public override void Visit(Value expression)
{
    switch (expression.Type)
    {
        case ValueType.Boolean:
            result = bool.Parse(expression.Text);
            break;

        case ValueType.DateTime:
            result = DateTime.Parse(expression.Text);
            break;

        case ValueType.Float:
            result = decimal.Parse(expression.Text, numberFormatInfo);
            break;

        case ValueType.Integer:
            result = int.Parse(expression.Text);
            break;

        case ValueType.String:
            result = expression.Text;
            break;
    }
}

As you can see, the result of the evaluation is stored in a member named result. The class EvaluationVisitor also exposes a getter property to read this value. Notice that for floating point number parsing, we need to define a NumberFormatInfo instance. Most programmers wouldn't have cared about it, but on a system with no English culture, floating point numbers might be written with a coma (,) instead of the dot (.). My own system is set up in French. Thus, in the constructor of EvaluationVisitor we override this by forcing to use the dot. This could be enhanced to let the user choose which culture he wants to apply.

public override void Visit(UnaryExpression expression)
{
    // Recursively evaluates the underlying expression
    expression.Expression.Accept(this);

    switch (expression.Type)
    {
        case UnaryExpressionType.Not:
            result = !Convert.ToBoolean(result);
            break;
    }
}

To evaluate UnaryExpression, the underlying one needs to be evaluated first. We can call the same visitor on this expression for this. The result can then be retrieved in result and negated if it is really a Boolean value.

public override void Visit(BinaryExpresssion expression)
{
    // Evaluates the left expression and saves the value
    expression.LeftExpression.Accept(this);
    object left = result;

    // Evaluates the right expression and saves the value
    expression.RightExpression.Accept(this);
    object right = result;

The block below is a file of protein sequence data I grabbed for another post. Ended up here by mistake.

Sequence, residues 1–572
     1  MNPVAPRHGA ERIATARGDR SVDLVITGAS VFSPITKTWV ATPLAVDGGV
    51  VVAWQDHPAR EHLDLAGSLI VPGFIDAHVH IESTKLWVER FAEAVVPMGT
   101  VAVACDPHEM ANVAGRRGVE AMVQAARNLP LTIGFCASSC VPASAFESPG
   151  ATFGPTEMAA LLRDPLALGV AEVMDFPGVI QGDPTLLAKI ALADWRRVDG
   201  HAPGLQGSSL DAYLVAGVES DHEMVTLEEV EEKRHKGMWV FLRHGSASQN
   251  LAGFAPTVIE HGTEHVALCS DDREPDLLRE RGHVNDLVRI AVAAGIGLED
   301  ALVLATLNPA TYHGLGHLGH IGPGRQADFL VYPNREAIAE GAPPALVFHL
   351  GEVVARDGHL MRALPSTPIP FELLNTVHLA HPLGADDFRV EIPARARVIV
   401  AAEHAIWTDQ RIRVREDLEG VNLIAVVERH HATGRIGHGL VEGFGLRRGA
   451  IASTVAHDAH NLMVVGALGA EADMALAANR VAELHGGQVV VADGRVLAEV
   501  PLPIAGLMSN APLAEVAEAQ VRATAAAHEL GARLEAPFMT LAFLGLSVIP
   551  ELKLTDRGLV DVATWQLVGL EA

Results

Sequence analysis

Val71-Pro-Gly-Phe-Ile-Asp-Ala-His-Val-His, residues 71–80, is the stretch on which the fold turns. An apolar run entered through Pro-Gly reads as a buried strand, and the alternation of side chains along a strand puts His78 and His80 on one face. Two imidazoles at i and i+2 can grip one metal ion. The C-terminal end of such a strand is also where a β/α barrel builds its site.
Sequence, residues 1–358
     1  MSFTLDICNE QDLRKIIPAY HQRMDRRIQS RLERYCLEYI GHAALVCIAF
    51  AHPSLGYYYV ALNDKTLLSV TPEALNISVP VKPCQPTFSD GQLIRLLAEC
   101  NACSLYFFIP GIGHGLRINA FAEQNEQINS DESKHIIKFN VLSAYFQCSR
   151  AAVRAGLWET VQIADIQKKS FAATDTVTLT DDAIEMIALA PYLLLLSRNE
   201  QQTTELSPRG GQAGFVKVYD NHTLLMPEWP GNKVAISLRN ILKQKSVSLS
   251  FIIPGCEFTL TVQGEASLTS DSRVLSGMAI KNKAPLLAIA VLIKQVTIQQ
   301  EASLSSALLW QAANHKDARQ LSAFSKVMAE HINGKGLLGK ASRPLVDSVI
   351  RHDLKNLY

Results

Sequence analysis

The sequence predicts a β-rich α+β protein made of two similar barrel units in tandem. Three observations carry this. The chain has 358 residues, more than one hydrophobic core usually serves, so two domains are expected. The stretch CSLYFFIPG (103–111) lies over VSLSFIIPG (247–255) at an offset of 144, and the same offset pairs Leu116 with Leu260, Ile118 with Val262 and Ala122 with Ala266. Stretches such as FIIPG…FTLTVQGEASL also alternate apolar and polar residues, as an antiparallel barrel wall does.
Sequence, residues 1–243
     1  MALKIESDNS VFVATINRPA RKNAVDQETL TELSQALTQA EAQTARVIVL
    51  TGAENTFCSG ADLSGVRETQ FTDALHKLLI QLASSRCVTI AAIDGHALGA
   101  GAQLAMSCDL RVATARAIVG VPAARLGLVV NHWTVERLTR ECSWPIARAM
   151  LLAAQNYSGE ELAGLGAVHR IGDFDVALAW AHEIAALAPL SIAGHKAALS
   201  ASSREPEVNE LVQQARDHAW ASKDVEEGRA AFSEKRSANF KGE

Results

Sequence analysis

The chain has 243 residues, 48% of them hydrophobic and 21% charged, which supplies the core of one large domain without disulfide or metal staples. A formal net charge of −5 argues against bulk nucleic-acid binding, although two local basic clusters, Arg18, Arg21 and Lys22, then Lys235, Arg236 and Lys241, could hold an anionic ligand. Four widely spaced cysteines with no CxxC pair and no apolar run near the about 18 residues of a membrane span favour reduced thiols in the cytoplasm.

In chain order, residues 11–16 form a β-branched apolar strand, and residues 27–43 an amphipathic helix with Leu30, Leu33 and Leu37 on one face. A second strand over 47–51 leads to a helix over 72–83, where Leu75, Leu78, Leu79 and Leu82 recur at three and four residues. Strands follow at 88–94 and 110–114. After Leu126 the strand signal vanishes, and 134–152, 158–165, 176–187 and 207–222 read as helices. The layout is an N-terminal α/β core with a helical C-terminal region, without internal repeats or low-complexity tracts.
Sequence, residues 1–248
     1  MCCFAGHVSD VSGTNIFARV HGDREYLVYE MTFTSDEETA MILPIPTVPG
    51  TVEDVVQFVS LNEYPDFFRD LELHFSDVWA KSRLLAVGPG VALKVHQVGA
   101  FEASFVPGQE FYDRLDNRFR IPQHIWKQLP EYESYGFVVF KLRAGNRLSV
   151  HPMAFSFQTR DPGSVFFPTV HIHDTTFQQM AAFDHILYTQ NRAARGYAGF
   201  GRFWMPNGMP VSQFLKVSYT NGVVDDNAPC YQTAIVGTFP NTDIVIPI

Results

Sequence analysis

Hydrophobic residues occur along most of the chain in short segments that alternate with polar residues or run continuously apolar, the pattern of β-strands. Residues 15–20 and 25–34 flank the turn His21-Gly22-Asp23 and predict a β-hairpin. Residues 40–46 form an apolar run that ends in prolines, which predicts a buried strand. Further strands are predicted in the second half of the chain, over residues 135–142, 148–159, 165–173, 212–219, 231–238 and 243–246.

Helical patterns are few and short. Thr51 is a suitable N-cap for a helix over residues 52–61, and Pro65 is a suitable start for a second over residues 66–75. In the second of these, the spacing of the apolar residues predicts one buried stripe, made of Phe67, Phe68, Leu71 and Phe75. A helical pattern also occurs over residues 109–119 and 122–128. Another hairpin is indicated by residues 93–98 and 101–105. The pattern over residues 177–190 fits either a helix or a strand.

switch (expression.Type)
    {
        case BinaryExpressionType.And:
            result = Convert.ToBoolean(left) && Convert.ToBoolean(right);
            break;

        /* ... */

        case BinaryExpressionType.Equal:
            // Use the type of the left operand to make the comparison
            result = Comparer.Default.Compare(left,
                Convert.ChangeType(right, left.GetType())) == 0;
            break;

        /* ... */

        case BinaryExpressionType.Plus:
            result = Convert.ToDecimal(left) + Convert.ToDecimal(right);
            break;

        case BinaryExpressionType.Times:
            result = Convert.ToDecimal(left) * Convert.ToDecimal(right);
            break;
    }
}

As for the UnaryExpression evaluation, we need to evaluate both the left and right expressions for BinaryExpression. Then we can switch on its type to execute the corresponding logic. The only thing to care about here is the type matching. For instance, we could write an equality comparison between two different types as we work with objects internally. Hence, we must convert items to make their types match. A good solution is to decide to use the type of the left member and use its default comparer to compare with the right member. Concerning the numerical operations, all of the values are converted to Decimal in order not to lose any information during conversion to integral types.

Using the Visitor

Here is the code needed to evaluate any expression tree made of our domain classes.

BinaryExpresssion expression =
     LogicalExpression.Create(Parse("3 * (5 + 2)")) as BinaryExpresssion;

EvaluationVisitor visitor = new EvaluationVisitor();
Expression.Accept(visitor);
Assert.AreEqual(21, visitor.Result);

The "visit" of any instance is recursive. Hence, we can give the root of the expression tree to the visitor and once the process is done, we can read the final result. In this code, we first create the tree representing the expression using the Parse() method. It returns an instance of LogicalExpression and uses ECalcParser and ECalcLexer used earlier. In this case, it returns a BinaryExpression value standing for the Times operator (Fig. 1). The traversal of this tree is made from the leaves to the root. The leaves are the most important expressions in the precedence order, as the grammar was declared for the parsing operations to use this information.

- Visit BinaryExpression (* 3 (+ 5 2))
            { Type:Times; Left:3; Right:(+ 5 2) } -> 21
    - Visit Value 3 { Type:Integer; Text:3 } -> 3
    - Visit BinaryExpression (+ 5 2) { Type:Plus; Left:5; Right:2 } -> 7
        - Visit Value 5 { Type:Integer; Text:5 } -> 5
        - Visit Value 2 { Type:Integer; Text:2 } -> 2

Here is the table of calls while evaluating the tree.

Creating the Framework

The Expression Class

To simplify all of this work, we need to provide the user with a single class representing a textual expression and returning the value of its evaluation.

public class Expression
{
    protected string expression;

    public Expression(string expression)
    {
        if (expression == null || expression == String.Empty)
            throw new
                ArgumentException("Expression can't be empty", "expression");

        this.expression = expression;
    }

    public CommonTree Parse(string expression)
    {
        ECalcLexer lexer = new ECalcLexer(new ANTLRStringStream(expression));